Grand Plans and Grand Anse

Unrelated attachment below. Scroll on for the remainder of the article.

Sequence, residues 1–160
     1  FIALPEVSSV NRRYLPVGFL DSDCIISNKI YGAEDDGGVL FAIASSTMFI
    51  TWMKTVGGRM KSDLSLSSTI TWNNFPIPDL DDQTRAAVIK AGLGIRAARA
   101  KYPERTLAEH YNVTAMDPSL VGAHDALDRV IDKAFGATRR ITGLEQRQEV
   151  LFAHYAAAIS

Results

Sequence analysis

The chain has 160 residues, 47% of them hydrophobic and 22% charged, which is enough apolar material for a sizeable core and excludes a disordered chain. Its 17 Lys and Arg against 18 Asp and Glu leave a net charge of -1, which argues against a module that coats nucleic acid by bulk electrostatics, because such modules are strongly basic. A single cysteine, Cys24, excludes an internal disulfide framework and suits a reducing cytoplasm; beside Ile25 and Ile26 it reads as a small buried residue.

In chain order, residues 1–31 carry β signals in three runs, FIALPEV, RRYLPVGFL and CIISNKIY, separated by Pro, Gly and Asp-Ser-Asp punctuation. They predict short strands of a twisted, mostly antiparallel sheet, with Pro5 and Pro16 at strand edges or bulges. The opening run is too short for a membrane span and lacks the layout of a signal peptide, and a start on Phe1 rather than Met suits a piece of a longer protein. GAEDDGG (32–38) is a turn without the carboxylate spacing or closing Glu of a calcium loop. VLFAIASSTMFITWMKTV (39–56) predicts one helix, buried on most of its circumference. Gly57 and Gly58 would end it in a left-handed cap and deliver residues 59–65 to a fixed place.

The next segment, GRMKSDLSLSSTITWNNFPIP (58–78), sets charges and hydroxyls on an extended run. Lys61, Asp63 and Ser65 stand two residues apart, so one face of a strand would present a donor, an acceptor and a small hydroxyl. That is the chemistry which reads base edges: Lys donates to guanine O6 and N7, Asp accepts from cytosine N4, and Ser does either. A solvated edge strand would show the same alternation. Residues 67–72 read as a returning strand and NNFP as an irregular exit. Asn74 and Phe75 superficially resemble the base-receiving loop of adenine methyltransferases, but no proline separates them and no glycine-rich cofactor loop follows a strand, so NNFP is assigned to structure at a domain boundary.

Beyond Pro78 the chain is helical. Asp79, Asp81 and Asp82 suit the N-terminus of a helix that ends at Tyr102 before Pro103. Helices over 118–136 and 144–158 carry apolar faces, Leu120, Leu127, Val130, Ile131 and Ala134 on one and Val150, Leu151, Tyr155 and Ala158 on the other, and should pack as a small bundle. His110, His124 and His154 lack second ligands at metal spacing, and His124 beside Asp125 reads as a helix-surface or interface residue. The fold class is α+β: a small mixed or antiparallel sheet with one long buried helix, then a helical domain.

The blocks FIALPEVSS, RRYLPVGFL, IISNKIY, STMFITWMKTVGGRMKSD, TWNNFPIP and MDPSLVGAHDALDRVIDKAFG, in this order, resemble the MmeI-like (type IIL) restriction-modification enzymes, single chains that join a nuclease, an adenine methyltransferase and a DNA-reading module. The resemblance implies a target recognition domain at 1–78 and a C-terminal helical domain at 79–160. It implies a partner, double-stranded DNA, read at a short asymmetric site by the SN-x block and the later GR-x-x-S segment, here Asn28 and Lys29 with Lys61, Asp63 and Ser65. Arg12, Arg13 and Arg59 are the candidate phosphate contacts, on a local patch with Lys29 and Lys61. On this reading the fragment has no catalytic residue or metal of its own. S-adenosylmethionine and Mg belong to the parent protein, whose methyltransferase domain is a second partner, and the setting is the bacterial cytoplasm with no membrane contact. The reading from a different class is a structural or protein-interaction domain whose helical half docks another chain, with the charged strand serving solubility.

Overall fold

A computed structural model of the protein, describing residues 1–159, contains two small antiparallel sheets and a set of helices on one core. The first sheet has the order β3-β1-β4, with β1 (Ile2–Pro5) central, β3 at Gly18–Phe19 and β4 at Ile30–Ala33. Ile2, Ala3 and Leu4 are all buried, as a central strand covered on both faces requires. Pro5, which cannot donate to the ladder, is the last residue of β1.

Now that we’re approaching 70 in the next couple of years, Alan has started daydreaming about retirement possibilities. In particular, he developed a cherished fantasy about living in a little shack on a beach somewhere on a Southern Caribbean island during our first winter of “freedom.” That would suit me just fine, because I love to write and can keep myself occupied endlessly, but I had trouble picturing Alan content just puttering around a straw hut, hiking the shoreline, and chasing sea gulls for three months (without getting bored), so I thought it would be worth checking out prospects. About that time, I found an incredible deal for an inside cabin on the 5-star ship, Celebrity Summit, heading to the Southern Caribbean for 12 days, stopping at 11 ports, for only $579, which is $48 a day. (Okay, so add $15 per day for tips, but that’s still only $63 per day for room, transportation, and all you care to eat, which seems like a phenomenal deal for a vacation no matter how you cut it!) It was just what the doctor needed, so it’s just what the doctor’s wife ordered, and away we went!Our plan was to hop off the ship at each port and wander about, checking out the ambience, finding a close beach, and swimming all afternoon. In the process, I thought we’d get a good rest and give Alan a chance to find “the perfect island” for a three-month venture.Our dreams were fulfilled! Every day was gloriously warm, as was the water, and  every island had beaches every bit as beautiful as the ads! We were 100% happy! However, I also hadn’t been wrong about Alan’s capacity for rest. After a couple of days, he decided maybe two months would be enough on a Caribbean Island. After a couple more days, he thought probably one month would be long enough. And, about halfway through our trip, he thought a couple of weeks would do. By then, we had arrived at Grenada and discovered Grand Anse Beach, a two-mile stretch of silky sand and turquoise waters. (Since returning home, I learned that this beach was voted the Caribbean’s #1 beach by USA Today, 2018.)  We were so enthralled that I stopped at one of the hotels to find out how much it would cost for a room for a couple of weeks. $1,000 per day. No kidding! 😦  We started considering. The only real grass huts were in folk parks, not on beaches, and the mosquitoes would be an issue even if we could find one to rent. The food on the ship had been first class! We enjoyed open-air, gourmet breakfasts with beautiful ocean views each day.Each evening for dinner, attentive waiters doted on us, making sure we had everything we wanted from the menu, and that each dish was “just right!” The food alone would have cost us more than what we paid for our entire cruise, and it was always such a treat! As Alan’s mother used to say, “If I don’t have to cook it, and I don’t have to clean it up, I’m going to enjoy it!” In fact, life on a cruise ship is extremely cushy! After considering our options, Alan and I decided that maybe two weeks on a cruise each winter would be just about perfect! Our cruise ship could deliver us to fantastic ports, provide for our meals (so I would never have to cook), ensure us clean, freshly made up rooms each day (our cabin steward was a joy),and if we ever got tired of relaxing, reading, and enjoying the ship’s amenities, we could always hop off the ship and go exploring. Considering that we aren’t big on night life, and most Caribbean Islands aren’t big on day life (Culture? Yes, but not like Europe or Asia), island hopping affords ample opportunities to enjoy unique experiences and enjoy each country’s natural beauty without ever getting “island fever” (aka bored). Sound like a plan? We think so! By the way, are you dreaming about your sunset years yet? Do you have big plans or dreams? What do you think would be “just perfect”? May I encourage you to test out your theories a little before making any big decisions? It’s possible that what we think is going to be the greatest and best won’t turn out to be as good as something else . . . possibly something we already have! In my life, the very greatest and best is knowing and loving God, and I can do that at home or abroad. I don’t have to travel anywhere to know that being his child and experiencing an intimate relationship with Jesus as my Lord and Savior is better than anything else the world has to offer. Hands down!Jesus is the true gateway to every joy in life, not only while we’re young, but when we retire, and even—and especially—after we die! Have you got plans for your post-retirement years? If not, please explore life with Jesus. I think you’ll discover that it beats all the other options!!!